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Peter Schorsch sued by News Service of Florida

It’s a battle of two Florida media companies.

On May 5, the News Service of Florida filed a copyright infringement lawsuit against St. Petersburg resident Peter Schorsch and his company Extensive Enterprises Media. Schorsch publishes and “Sunburn,” a highly popular morning newsletter.

The crux of the complaint, filed in U.S. District Court in Tampa, by News Service parent company Affiliated News is that Schorsch republishes reporting without permission, benefitting from ad revenue on his websites and growing his own subscriber base, all while making a paid News Service subscription less necessary.

The News Service provides stories and information directly to paid subscribers, as well as other news organizations, such as the Tampa Bay Times and Miami Herald, which often republish them with permission.

In a blog post and public comment on his own website, Schorsch said the lawsuit isn’t about protecting its copyright, but rather trying to stop declining circulation and a personal feud between News Service management and Schorsch.

“The News Service of Florida has a copyright to its material, but it does not have a copyright on the news. Its accusations of me proactively accessing its material are baseless and — in this day and age of socially-networked news and search engines — ridiculous,” Schorsch wrote. “I understand NSF is having financial problems, but striking out against me and my reporters is not going to solve them.”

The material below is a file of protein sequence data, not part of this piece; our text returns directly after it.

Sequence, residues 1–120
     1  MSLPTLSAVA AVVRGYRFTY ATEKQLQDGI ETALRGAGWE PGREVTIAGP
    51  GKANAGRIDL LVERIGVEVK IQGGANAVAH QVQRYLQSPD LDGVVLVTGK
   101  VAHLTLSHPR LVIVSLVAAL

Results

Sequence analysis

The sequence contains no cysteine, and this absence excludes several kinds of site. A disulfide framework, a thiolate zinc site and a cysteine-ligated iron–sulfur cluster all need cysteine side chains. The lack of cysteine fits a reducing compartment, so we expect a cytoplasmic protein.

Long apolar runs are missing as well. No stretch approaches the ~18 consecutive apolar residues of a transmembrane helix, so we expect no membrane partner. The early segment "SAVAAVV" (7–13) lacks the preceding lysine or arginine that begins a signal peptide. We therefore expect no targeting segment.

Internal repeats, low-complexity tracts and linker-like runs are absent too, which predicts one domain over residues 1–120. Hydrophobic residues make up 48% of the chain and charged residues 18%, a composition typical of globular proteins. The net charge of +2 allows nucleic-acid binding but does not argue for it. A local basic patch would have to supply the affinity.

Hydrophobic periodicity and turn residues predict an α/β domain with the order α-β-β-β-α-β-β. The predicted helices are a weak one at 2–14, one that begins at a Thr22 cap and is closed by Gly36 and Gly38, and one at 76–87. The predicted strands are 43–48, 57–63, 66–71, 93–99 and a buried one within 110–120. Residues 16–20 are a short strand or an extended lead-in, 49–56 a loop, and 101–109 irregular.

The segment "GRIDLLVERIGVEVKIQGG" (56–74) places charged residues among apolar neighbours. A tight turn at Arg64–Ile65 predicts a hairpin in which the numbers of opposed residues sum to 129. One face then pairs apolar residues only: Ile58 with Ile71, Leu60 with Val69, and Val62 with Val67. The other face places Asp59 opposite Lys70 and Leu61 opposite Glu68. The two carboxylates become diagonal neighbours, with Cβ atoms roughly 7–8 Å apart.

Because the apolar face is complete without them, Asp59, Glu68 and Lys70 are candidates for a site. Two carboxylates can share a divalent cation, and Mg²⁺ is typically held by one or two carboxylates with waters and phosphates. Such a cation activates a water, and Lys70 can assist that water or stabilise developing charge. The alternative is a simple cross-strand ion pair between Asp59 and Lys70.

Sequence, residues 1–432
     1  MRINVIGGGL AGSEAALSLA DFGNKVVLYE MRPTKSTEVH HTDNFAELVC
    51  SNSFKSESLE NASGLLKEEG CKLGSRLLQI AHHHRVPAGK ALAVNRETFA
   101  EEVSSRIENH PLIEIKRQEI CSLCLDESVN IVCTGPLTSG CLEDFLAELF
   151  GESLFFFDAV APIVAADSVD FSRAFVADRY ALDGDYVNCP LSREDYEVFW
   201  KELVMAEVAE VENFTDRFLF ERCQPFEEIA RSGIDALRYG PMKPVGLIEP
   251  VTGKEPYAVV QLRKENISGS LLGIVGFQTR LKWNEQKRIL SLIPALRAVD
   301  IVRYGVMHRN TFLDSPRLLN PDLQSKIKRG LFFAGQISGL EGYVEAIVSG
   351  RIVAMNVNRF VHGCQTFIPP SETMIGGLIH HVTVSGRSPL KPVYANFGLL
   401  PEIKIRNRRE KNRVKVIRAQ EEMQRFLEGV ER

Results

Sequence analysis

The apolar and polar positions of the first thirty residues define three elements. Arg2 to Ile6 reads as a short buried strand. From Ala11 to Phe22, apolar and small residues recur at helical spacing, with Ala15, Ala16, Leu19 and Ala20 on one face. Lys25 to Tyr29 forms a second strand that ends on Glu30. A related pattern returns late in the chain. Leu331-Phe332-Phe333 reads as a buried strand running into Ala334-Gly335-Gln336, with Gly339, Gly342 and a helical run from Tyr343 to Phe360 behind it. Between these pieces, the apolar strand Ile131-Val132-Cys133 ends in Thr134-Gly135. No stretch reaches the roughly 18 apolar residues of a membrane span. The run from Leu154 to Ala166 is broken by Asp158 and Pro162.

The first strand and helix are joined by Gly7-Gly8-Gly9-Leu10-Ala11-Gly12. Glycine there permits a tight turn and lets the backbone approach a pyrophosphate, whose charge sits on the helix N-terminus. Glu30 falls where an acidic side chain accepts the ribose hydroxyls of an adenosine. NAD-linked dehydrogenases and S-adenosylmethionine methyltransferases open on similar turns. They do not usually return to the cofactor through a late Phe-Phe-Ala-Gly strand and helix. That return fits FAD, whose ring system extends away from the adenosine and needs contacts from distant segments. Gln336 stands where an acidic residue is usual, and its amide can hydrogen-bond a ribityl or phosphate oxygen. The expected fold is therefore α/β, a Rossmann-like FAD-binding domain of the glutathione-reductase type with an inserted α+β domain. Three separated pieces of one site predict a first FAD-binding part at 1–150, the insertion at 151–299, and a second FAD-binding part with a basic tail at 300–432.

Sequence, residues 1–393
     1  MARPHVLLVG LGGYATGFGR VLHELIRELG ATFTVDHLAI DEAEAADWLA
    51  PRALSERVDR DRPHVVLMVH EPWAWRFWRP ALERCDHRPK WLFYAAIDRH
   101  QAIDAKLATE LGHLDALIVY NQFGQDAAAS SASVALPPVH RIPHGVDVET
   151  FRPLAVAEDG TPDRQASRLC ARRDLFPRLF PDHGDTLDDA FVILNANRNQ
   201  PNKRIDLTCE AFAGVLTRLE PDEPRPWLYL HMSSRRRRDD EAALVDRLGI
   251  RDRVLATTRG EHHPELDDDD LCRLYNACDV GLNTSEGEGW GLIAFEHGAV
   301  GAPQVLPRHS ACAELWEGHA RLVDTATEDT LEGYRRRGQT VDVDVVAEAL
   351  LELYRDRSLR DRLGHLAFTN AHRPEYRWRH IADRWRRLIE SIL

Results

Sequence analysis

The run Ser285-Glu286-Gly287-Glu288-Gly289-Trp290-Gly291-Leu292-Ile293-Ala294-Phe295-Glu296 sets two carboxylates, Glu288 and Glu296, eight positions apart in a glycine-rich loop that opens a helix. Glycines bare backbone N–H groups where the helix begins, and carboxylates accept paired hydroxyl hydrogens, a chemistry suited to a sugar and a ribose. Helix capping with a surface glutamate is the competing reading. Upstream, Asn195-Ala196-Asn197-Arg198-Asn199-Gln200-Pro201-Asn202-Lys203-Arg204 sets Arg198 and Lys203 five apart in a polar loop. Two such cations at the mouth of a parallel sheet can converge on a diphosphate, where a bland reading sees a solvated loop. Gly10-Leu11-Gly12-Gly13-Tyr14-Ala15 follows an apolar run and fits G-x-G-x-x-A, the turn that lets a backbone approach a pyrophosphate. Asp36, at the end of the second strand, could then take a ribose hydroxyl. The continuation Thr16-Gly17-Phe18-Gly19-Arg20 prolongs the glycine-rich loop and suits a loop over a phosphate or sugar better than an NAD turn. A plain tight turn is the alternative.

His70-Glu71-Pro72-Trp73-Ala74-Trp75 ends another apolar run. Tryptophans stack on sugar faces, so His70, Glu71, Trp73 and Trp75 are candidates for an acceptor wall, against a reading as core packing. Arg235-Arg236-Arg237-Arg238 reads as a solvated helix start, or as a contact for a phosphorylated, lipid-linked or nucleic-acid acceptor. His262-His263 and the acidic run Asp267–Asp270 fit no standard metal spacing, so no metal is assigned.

Representatives of the News Service couldn’t be reached for comment. But the company’s position is clear in the lawsuit filed with the U.S. District Court in Tampa: that it serves the public interest and anything that cuts into its bottom line via copyright concerns is a problem.

“In a time when many Florida newspapers have reduced or outright eliminated their Tallahassee bureaus, (Schorsch’s) conduct threatens the very survival of Affiliated News which provides an objective, independent, and rapid source of reporting on the affairs of government,” the suit says. “There is a strong public interest in maintaining and fostering Affiliated News’ service as a source for objective information on the affairs of state government."